The invention is not limited to the particular details of the apparatus and method depicted and other modifications and applications are contemplated. Certain other changes may be made in the above described apparatus and method without departing from the true spirit and scope of the invention herein involved. It is intended, therefore, that the subject matter in the above depiction shall be interpreted as illustrative and not in a limiting sense.
|Cited Patent||Filing date||Publication date||Applicant||Title|
|US3546481 *||Oct 18, 1967||Dec 8, 1970||Texas Instruments Inc||Threshold circuit for comparing variable amplitude voltages|
|US4168528 *||Jul 21, 1978||Sep 18, 1979||Precision Monolithics, Inc.||Voltage to current conversion circuit|
|US4430582 *||Nov 16, 1981||Feb 7, 1984||National Semiconductor Corporation||Fast CMOS buffer for TTL input levels|
|US4584492 *||Aug 6, 1984||Apr 22, 1986||Intel Corporation||Temperature and process stable MOS input buffer|
|Citing Patent||Filing date||Publication date||Applicant||Title|
|US4890013 *||Jun 17, 1988||Dec 26, 1989||Ixys Corporation||Circuit for sensing voltages beyond the supply voltage of the sensing circuit|
|US5136183 *||Jun 27, 1990||Aug 4, 1992||Advanced Micro Devices, Inc.||Integrated comparator circuit|
|US5136184 *||May 24, 1991||Aug 4, 1992||Analog Devices, Incorporated||Fast-acting current comparator|
|US5408141 *||Jan 4, 1993||Apr 18, 1995||Texas Instruments Incorporated||Sensed current driving device|
|US5675824 *||Dec 15, 1995||Oct 7, 1997||Intel Corporation||Programmable logic having selectable output voltages|
|US5838578 *||Jun 6, 1996||Nov 17, 1998||Intel Corporation||Method and apparatus for programmable thermal sensor for an integrated circuit|
|US6055489 *||Apr 15, 1997||Apr 25, 2000||Intel Corporation||Temperature measurement and compensation scheme|
|US6249162 *||May 16, 1994||Jun 19, 2001||Rohm Co., Ltd.||Hysteresis circuit|
|US6363490||Mar 30, 1999||Mar 26, 2002||Intel Corporation||Method and apparatus for monitoring the temperature of a processor|
|US6393374||Mar 30, 1999||May 21, 2002||Intel Corporation||Programmable thermal management of an integrated circuit die|
|US6630754||Nov 7, 2000||Oct 7, 2003||Intel Corporation||Temperature-based cooling device controller apparatus and method|
|US6975047||Jun 18, 2003||Dec 13, 2005||Intel Corporation||Temperature-based cooling device controller apparatus and method|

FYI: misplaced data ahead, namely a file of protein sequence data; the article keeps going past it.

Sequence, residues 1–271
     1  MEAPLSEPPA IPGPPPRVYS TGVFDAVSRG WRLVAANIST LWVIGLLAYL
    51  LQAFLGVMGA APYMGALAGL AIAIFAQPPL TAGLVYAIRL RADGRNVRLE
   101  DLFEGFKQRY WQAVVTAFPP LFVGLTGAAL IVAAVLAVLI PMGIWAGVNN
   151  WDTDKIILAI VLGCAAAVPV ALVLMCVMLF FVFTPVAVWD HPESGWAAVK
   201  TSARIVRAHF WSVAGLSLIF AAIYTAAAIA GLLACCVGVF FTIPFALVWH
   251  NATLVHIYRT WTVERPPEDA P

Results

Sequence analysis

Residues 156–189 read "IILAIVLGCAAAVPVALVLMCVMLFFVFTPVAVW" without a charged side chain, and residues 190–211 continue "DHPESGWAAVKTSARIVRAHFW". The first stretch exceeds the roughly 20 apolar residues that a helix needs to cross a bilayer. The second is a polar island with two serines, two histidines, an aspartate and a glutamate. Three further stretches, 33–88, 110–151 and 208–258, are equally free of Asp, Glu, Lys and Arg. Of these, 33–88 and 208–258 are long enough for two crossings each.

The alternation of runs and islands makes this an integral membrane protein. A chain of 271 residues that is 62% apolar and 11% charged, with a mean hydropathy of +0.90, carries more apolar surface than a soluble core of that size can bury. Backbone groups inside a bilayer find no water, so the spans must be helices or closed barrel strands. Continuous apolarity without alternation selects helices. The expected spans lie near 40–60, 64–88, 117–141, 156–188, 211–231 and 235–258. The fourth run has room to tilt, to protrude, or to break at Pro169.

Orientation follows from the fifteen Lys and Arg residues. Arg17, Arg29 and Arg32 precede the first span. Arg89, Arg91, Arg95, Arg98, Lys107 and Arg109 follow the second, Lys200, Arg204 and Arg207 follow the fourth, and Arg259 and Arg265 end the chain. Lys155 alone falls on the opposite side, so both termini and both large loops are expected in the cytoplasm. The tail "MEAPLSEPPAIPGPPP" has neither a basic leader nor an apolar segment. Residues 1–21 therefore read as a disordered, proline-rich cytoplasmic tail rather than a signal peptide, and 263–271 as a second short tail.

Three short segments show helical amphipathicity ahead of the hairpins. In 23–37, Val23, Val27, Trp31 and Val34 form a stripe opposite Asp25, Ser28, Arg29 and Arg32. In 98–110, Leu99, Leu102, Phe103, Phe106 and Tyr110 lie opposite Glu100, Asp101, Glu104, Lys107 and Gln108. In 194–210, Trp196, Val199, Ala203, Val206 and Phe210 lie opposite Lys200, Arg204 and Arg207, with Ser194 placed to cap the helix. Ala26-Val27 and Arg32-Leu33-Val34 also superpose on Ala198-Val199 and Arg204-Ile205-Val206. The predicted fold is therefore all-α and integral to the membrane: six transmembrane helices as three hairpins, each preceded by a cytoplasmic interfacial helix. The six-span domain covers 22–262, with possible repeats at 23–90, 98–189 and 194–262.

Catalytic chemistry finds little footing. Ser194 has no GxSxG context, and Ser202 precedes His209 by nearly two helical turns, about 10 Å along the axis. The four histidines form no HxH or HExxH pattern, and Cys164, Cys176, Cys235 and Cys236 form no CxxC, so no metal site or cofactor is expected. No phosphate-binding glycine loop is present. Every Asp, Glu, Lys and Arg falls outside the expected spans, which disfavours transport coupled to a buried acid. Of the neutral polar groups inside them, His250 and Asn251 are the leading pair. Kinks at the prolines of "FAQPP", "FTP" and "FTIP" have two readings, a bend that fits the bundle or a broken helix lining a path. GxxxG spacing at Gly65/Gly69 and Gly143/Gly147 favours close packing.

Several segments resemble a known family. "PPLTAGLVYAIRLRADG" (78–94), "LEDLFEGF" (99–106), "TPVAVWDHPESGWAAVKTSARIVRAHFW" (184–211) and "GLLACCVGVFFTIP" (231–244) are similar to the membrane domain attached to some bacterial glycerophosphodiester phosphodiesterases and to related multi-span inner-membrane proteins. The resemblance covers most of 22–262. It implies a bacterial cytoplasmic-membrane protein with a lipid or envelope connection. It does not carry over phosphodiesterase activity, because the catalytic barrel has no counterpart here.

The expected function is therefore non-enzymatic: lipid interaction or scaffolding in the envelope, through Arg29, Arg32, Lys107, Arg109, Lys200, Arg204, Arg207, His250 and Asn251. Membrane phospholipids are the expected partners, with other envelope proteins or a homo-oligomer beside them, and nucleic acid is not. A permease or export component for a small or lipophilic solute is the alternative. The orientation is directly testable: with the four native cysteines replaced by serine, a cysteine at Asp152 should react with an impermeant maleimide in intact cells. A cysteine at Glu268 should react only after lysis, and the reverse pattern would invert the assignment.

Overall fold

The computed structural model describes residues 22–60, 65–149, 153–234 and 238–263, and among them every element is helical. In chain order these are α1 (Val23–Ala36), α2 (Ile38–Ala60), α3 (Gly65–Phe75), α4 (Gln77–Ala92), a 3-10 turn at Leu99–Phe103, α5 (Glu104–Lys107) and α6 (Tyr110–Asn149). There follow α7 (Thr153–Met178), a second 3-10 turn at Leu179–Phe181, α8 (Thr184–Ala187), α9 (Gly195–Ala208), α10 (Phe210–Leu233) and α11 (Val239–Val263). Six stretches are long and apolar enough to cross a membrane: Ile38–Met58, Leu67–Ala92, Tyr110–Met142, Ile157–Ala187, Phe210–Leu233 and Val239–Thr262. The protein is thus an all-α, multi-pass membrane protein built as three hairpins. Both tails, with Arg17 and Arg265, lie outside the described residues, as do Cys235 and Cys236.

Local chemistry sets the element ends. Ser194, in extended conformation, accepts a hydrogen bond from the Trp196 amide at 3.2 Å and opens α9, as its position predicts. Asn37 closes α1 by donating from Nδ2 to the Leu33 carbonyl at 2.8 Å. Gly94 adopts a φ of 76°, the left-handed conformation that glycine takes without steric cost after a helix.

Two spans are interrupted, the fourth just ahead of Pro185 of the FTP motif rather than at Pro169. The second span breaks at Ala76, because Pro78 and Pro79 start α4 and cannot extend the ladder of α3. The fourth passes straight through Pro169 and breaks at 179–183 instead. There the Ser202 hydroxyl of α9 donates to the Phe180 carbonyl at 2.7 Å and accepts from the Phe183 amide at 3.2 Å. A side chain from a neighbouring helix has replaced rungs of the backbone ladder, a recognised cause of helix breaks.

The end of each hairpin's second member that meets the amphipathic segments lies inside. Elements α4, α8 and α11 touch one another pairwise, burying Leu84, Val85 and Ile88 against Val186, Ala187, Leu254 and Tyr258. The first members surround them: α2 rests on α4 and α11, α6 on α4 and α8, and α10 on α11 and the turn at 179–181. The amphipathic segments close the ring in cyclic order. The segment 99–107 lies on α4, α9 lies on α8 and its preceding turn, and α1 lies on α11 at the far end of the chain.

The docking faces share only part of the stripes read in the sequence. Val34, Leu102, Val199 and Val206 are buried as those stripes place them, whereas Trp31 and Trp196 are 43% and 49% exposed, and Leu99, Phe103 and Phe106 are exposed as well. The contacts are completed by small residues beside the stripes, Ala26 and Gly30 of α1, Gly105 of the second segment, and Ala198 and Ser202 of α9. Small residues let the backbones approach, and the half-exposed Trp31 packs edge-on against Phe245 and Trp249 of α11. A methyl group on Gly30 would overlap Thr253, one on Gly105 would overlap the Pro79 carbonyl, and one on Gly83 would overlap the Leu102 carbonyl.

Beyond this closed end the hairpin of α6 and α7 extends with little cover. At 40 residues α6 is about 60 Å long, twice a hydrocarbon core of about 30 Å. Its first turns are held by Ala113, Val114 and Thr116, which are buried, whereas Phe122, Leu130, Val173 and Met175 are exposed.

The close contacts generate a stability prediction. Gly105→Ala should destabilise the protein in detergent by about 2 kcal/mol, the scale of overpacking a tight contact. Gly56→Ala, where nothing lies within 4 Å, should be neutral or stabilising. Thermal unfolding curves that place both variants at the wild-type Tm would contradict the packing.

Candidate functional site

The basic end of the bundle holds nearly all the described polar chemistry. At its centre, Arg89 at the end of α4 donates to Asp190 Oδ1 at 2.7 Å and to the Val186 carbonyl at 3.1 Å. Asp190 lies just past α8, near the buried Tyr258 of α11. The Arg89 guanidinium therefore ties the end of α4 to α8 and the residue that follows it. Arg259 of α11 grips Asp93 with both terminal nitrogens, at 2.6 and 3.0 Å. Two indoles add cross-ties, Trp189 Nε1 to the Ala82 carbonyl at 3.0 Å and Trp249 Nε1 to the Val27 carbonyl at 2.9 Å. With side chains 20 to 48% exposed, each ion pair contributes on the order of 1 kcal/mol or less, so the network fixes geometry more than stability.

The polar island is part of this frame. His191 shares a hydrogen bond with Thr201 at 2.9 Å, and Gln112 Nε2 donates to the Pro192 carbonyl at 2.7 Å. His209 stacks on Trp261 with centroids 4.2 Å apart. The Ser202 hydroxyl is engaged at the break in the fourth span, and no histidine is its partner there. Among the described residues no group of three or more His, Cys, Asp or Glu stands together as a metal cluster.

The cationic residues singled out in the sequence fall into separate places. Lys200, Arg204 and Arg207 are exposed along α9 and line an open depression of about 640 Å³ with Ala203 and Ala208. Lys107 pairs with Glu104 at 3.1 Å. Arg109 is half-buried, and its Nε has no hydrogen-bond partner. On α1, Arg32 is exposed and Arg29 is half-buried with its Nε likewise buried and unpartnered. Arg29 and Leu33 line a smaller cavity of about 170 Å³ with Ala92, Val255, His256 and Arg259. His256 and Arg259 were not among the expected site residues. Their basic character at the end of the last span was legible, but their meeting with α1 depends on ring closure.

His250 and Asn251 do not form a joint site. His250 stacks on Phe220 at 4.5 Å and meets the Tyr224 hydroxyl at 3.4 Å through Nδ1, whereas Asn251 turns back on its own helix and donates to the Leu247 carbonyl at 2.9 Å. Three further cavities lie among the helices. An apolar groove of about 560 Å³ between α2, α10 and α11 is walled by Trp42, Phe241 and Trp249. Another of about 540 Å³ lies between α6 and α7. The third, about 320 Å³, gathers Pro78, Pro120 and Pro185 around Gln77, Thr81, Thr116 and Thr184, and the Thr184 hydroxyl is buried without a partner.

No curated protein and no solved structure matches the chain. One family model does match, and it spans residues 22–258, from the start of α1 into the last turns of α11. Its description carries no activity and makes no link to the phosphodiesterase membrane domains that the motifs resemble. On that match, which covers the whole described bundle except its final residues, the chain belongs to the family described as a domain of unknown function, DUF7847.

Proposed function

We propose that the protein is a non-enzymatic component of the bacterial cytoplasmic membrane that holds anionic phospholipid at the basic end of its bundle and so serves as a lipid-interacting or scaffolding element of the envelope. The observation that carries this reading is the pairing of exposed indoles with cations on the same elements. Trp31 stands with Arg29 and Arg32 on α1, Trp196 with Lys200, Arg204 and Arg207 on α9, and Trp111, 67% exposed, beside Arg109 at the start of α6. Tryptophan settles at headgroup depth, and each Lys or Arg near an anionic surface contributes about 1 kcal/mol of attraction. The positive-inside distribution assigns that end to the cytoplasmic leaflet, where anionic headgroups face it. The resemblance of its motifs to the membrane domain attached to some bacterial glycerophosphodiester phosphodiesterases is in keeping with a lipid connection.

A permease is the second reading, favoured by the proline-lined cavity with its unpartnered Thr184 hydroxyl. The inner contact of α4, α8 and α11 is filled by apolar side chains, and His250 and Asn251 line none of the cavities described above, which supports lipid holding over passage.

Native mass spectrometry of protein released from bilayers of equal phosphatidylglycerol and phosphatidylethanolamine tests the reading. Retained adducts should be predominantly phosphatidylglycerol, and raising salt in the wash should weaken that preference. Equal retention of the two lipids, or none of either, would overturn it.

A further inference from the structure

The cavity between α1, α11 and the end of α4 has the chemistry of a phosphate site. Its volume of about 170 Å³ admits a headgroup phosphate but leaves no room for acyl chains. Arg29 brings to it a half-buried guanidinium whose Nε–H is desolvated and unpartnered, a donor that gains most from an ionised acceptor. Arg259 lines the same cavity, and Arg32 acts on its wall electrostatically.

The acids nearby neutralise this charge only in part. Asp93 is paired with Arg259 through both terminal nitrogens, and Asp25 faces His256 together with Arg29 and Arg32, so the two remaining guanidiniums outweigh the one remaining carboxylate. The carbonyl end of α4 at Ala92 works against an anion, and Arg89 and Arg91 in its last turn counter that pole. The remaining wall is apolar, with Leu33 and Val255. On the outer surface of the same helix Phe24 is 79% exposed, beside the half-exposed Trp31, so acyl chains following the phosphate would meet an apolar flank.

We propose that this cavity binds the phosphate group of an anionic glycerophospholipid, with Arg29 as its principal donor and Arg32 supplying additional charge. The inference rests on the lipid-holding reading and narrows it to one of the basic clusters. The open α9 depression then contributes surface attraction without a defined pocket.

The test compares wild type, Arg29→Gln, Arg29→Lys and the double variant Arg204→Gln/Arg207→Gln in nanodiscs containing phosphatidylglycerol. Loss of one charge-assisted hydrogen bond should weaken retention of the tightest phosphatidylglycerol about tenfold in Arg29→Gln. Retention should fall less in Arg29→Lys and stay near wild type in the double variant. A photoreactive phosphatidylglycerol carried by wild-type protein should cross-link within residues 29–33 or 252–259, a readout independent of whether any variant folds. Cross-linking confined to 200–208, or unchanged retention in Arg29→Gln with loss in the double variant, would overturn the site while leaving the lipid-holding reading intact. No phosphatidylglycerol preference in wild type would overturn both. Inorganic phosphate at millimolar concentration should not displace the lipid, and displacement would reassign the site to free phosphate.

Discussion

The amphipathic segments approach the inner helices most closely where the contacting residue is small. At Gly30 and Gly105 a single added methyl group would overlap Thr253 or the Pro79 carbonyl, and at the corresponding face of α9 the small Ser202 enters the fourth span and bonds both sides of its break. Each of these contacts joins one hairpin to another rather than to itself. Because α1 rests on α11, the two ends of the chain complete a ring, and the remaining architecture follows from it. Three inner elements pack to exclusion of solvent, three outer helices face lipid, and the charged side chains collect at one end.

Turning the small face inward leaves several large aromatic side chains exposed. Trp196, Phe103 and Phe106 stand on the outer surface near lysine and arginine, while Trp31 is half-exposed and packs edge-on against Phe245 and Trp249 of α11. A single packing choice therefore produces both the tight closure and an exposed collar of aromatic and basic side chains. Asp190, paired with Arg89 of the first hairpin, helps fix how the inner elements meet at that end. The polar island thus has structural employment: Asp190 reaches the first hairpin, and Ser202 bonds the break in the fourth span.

|US6980918||Apr 9, 2004||Dec 27, 2005||Intel Corporation||Methods and apparatus for thermal management of an integrated circuit die|
|US7216064 *||Apr 19, 1996||May 8, 2007||Intel Corporation||Method and apparatus for programmable thermal sensor for an integrated circuit|
|US7228508||Nov 7, 2000||Jun 5, 2007||Intel Corporation||Fail-safe thermal sensor apparatus and method|
|US7263567||Sep 25, 2000||Aug 28, 2007||Intel Corporation||Method and apparatus for lowering the die temperature of a microprocessor and maintaining the temperature below the die burn out|
|US7587262||Nov 7, 2000||Sep 8, 2009||Intel Corporation||Temperature averaging thermal sensor apparatus and method|
|US7761274||Nov 7, 2000||Jul 20, 2010||Intel Corporation||Temperature-based clock frequency controller apparatus and method|
|US20040047099 *||Jun 18, 2003||Mar 11, 2004||Pippin Jack D.||Temperature-based cooling device controller apparatus and method|
|US20130321029 *||May 16, 2013||Dec 5, 2013||Fuji Electric Co., Ltd.||Input decision circuit|
|U.S. Classification||327/74, 327/205|
|International Classification||H03K5/24, H03K3/3565, H03K3/0233|
|Cooperative Classification||H03K5/24, H03K3/3565, H03K3/02337|
|European Classification||H03K5/24, H03K3/3565, H03K3/0233F|
|Aug 26, 1985||AS||Assignment|
Owner name: GOULD INC., A CORP. OF DE.
Free format text: ASSIGNMENT OF ASSIGNORS INTEREST.;ASSIGNORS:BUFANO, LOUIS A. JR;SMITH, ROBERT B.;REEL/FRAME:004449/0755;SIGNING DATES FROM 19850812 TO 19850822
|May 25, 1989||AS||Assignment|
Owner name: MODICON INC., DELAWARE
Free format text: ASSIGNMENT OF ASSIGNORS INTEREST.;ASSIGNOR:GOULD TECHNOLOGY INC.;REEL/FRAME:005093/0849
Effective date: 19880630
|Nov 25, 1991||FPAY||Fee payment|
Year of fee payment: 4
|Jan 3, 1994||AS||Assignment|
Owner name: NEW MODICON, INC., MASSACHUSETTS
Free format text: ASSIGNMENT OF ASSIGNORS INTEREST;ASSIGNOR:MODICON, INC.;REEL/FRAME:006816/0237
Effective date: 19931223
|Feb 18, 1994||AS||Assignment|
Owner name: MODICON, INC., MASSACHUSETTS
Free format text: CHANGE OF NAME;ASSIGNOR:NEW MODICON, INC.;REEL/FRAME:006869/0166
Effective date: 19931231
|Aug 14, 1995||AS||Assignment|
Owner name: AEG SCHNEIDER AUTOMATION, INC., MASSACHUSETTS
Free format text: CHANGE OF NAME;ASSIGNOR:MODICON, INC.;REEL/FRAME:007570/0195
Effective date: 19941014
|Dec 14, 1995||FPAY||Fee payment|
Year of fee payment: 8
|Dec 22, 1997||AS||Assignment|
Owner name: SCHNEIDER AUTOMATION INC., MASSACHUSETTS
Free format text: CHANGE OF NAME;ASSIGNOR:AEG SCHNEIDER AUTOMATION, INC.;REEL/FRAME:008855/0799
Effective date: 19960801
|Nov 23, 1999||FPAY||Fee payment|
Year of fee payment: 12